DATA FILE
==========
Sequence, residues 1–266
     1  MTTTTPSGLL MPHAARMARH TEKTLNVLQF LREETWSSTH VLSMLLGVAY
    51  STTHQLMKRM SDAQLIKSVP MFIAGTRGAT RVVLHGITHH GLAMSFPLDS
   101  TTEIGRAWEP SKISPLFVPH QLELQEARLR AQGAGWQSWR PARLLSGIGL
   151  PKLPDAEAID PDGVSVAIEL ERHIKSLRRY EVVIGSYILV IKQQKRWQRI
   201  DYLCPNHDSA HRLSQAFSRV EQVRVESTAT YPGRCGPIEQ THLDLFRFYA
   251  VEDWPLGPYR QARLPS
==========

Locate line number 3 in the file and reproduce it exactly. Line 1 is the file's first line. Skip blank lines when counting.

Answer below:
    51  STTHQLMKRM SDAQLIKSVP MFIAGTRGAT RVVLHGITHH GLAMSFPLDS